transcription start site in the promoter region of SiR (Figure 1A). Quantitative real-time PCR (qRT-PCR) detected successful transcription initiation corresponding to 14% of mature SiR transcript in the early seedling stage that may account for embryo development and germination of sir1-2 (Figure 1C). For genetic complementation, the heterozygous sir1-2 plants were transformed with a construct that expressed the SiR cDNA along with its plastid transit peptide under control of the constitutive 35S cauliflower mosaic virus promoter. The phenotype of sir1-2 was completely restored (Figure 1D), demonstrating that the loss of function of SiR was the cause of the early seedling lethality observed in the homozygous sir1-2 plants.
Molecular Identification of sir Mutants and Phenotype of sir1-2.
Like sir1-2, heterozygous sir1-1 plants also gave rise to two distinct classes of seedlings. Besides wild-type-like seedlings (352/471, 75%; χ2 = 0.018), severely growth-retarded and pale-looking
seedlings (119/471, 25%) could be identified after germination in the absence of selection marker. The growth-retarded sir1-1 seedlings were found to be homozygous for the T-DNA insertion by PCR analysis (Figure 2A), again pointing to a single insertion site. The insertion site of the T-DNA in sir1-1 was determined by PCR amplification of the flanking sequences and revealed the insertion of the T-DNA at position ?73 bp in the promoter region (Figure 1A). The viability of
homozygous sir1-1 seedlings was in contrast with the seedling lethal phenotype of the sir1-2 mutant. In the early seedling stage of sir1-1, the abundance of SiR mRNA was 44% (Figure 1C) compared with wild-type seedlings of the same developmental stage. Thus, the levels of 44 and
14% of mature SiR mRNA made the difference between survival and death of the early seedlings of sir1-1 and sir1-2, respectively. It is remarkable that both T-DNA insertions in the SiR promoter allowed transcription of intact mRNA and the 19 bp between the insertion sites were responsible for a twofold difference in steady state mRNA of SiR. Transcript levels of SiR in mature leaves of 7-week-old soil-grown homozygous sir1-1 plants were decreased to 17% compared with the wild type (Figure 2B). Accordingly, the amount of SiR protein (Figure 2C) was significantly reduced, and SiR activity also was lowered to 28% of the wild-type level (Figure 2B). This provides an explanation for the slower vegetative growth in comparison to the wild type that became more pronounced with time (Figure 2D). The homozygous sir1-1 line had the same number of leaves compared with the wild type of the same age, but they were clearly paler and smaller (Figure 3A). An approximately fivefold reduction in total biomass was observed between sir1-1 and Col-0 plants grown for 8 weeks on soil under short-day conditions (Figure 3B). Short-day conditions delayed flowering of soil-grown homozygous sir1-1 plants by ~4 weeks compared with Col-0. In spite of the retarded growth phenotype and delayed flowering, the homozygous sir1-1 plants were able to set seeds leading to viable offspring in the next generation. Thus, reduced expression of SiR causes a severe growth limitation. These results provide functional evidence that there is only a single annotated gene for SiR in the Arabidopsis genome and that its function is indispensible for survival. Nevertheless, the viability of sir1-1 allows investigation of the physiological role of SiR activity in plant metabolism. For that reason, all further experiments were performed with sir1-1.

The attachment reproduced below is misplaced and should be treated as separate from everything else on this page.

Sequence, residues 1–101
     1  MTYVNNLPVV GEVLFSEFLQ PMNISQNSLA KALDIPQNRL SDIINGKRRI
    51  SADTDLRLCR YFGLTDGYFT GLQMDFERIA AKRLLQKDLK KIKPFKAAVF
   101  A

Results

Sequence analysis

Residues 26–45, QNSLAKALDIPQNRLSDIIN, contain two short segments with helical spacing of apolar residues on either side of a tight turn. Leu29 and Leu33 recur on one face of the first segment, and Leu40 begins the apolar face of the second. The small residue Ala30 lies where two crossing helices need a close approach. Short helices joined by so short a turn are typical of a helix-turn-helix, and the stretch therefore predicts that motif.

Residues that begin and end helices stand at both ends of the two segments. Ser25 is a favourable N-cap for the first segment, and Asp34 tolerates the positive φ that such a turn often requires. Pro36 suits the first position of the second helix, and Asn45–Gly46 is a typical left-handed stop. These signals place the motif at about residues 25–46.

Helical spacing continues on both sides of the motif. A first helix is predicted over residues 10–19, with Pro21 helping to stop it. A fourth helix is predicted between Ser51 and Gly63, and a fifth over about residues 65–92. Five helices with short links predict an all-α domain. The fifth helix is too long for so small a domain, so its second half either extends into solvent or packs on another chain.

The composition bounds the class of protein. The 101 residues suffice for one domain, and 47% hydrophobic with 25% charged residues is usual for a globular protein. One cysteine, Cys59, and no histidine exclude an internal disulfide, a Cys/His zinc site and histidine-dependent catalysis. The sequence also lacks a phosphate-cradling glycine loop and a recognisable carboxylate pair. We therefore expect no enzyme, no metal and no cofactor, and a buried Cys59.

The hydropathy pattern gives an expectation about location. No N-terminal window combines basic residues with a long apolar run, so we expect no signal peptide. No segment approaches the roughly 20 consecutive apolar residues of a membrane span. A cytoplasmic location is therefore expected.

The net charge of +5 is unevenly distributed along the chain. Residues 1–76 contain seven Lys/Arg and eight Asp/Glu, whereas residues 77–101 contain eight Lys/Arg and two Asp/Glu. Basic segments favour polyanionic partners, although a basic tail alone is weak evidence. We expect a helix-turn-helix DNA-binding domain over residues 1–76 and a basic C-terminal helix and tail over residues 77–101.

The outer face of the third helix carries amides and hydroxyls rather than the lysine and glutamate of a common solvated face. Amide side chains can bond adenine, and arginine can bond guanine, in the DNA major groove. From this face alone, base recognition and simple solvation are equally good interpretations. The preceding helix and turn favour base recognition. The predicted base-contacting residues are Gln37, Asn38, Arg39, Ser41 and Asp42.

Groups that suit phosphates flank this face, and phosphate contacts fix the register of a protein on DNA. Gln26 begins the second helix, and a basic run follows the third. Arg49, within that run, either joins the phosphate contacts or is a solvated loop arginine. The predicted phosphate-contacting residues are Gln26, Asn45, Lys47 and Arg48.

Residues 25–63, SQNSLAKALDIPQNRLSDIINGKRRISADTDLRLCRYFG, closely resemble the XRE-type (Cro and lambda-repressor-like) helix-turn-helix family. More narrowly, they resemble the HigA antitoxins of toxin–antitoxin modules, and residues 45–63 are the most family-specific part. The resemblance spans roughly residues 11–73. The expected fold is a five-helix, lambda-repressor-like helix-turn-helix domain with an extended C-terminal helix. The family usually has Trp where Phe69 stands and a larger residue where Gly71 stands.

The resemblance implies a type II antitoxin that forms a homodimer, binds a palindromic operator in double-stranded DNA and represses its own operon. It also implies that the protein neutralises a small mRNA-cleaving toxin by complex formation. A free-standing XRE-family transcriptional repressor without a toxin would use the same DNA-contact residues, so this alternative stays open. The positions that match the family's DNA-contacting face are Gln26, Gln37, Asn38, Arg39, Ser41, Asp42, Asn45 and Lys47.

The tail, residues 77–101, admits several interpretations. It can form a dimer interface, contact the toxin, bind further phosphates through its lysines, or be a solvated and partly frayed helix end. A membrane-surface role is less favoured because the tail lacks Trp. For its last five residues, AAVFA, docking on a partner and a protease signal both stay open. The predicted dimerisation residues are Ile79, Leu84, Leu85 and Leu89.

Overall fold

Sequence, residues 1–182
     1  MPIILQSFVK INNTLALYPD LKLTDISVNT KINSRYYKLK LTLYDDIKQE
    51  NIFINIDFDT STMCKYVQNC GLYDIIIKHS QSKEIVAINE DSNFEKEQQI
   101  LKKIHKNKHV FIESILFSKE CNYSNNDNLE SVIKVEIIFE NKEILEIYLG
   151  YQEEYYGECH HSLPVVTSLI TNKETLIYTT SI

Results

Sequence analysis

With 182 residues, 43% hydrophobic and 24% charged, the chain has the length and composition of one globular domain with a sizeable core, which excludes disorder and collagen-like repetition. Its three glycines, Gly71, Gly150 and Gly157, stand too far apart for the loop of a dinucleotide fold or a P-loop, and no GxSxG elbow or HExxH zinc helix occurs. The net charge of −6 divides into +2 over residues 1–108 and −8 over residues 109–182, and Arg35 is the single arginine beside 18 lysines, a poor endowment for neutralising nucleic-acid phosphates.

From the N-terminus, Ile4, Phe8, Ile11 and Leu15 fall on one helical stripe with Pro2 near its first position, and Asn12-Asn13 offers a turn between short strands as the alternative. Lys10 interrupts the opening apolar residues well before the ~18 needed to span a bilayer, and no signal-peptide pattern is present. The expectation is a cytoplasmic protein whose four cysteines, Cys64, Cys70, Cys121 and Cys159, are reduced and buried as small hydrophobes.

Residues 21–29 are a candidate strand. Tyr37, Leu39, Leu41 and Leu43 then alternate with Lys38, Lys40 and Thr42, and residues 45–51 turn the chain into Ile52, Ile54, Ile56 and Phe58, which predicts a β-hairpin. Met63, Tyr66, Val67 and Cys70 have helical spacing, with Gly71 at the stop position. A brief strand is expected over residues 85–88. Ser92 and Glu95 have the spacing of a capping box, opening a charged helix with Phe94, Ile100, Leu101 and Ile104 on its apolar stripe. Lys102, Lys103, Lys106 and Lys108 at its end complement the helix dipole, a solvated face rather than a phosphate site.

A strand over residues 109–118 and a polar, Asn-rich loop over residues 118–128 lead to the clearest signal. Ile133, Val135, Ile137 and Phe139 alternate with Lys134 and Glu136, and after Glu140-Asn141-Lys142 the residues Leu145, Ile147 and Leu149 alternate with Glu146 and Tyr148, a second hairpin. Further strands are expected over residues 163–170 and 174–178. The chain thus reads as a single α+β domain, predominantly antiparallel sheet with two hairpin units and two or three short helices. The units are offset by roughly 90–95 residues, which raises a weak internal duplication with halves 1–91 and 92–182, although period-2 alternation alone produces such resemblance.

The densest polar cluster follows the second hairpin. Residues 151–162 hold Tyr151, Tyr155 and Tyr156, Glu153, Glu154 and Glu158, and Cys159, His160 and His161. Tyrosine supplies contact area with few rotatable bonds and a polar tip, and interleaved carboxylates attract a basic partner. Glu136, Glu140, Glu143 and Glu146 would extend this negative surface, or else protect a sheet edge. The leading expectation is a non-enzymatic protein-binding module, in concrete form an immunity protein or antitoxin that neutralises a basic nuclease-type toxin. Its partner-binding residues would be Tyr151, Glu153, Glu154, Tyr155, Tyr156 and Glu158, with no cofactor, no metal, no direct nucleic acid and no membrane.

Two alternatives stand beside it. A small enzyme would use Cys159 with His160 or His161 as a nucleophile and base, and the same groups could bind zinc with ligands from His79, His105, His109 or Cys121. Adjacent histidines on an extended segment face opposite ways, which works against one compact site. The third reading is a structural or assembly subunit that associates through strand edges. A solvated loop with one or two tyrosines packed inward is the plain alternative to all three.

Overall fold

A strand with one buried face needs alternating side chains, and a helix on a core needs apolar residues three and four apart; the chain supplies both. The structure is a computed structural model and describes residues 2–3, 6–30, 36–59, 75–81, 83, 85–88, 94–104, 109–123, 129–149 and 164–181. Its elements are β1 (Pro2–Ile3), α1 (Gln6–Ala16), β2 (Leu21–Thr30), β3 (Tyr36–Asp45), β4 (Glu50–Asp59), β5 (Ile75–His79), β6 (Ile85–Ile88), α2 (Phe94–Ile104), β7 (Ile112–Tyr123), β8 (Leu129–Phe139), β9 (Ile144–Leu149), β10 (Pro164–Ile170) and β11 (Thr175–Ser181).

Abundance and Activity of SiR in the T-DNA Insertion Line sir1-1.
Phenotype and Complementation of sir1-1 Plants.
Genetic and Chemical Complementation of sir1-1
Stable transformation of homozygous sir1-1 with the 35S:SiR overexpression construct completely restored the phenotype of sir1-1, including the pale low chlorophyll view (Figures 3A and 3B). A 2.5-fold higher enzymatic activity of SiR was observed as a result of the high expression rate of SiR driven by the 35S promoter (Figure 3C). This resulted in wild-type-like thiol levels (see Supplemental Figure 1 online) and normal growth of the complemented sir1-1 lines under growth chamber conditions (Figure 3B). The latter results indicate an adequate SiR activity in Col-0 for optimal growth. Chemical complementation by exogenous supply of the limiting product of the SiR reaction, sulfide, and GSH, the major low molecular weight thiol in plants, partially rescued the phenotype (Figure 3D). The total shoot biomass of homozygous sir1-1 plants was increased twofold by feeding of 0.1 mM Na2S and 2.7-fold by feeding of 1 mM GSH in comparison to untreated sir1-1. However, the differences between chemically complemented homozygous sir1-1 and Col-0 control plants were still significant (Figure 3D). Shifts of C, N, and S Metabolites in sir1-1
The consequences of reduced SiR activity for metabolic homeostasis were analyzed by determination of the steady state levels of primary and secondary metabolites in leaves of 7-week-old soil-grown wild-type and sir1-1 plants. Measurements of anion levels in homozygous sir1-1 plants revealed a ninefold accumulation of free sulfate, while the steady state level of nitrate was reduced threefold in comparison to the wild type, indicating a deregulation of nitrate and sulfate uptake and assimilation pathways (Figure 4A). Indeed, the accumulation of sulfate in leaves of sir1-1 was found to correlate with strongly increased uptake rates of sulfate in roots. Feeding of 35SO42? to roots of Arabidopsis wild-type and sir1-1 mutant plants revealed a 13-fold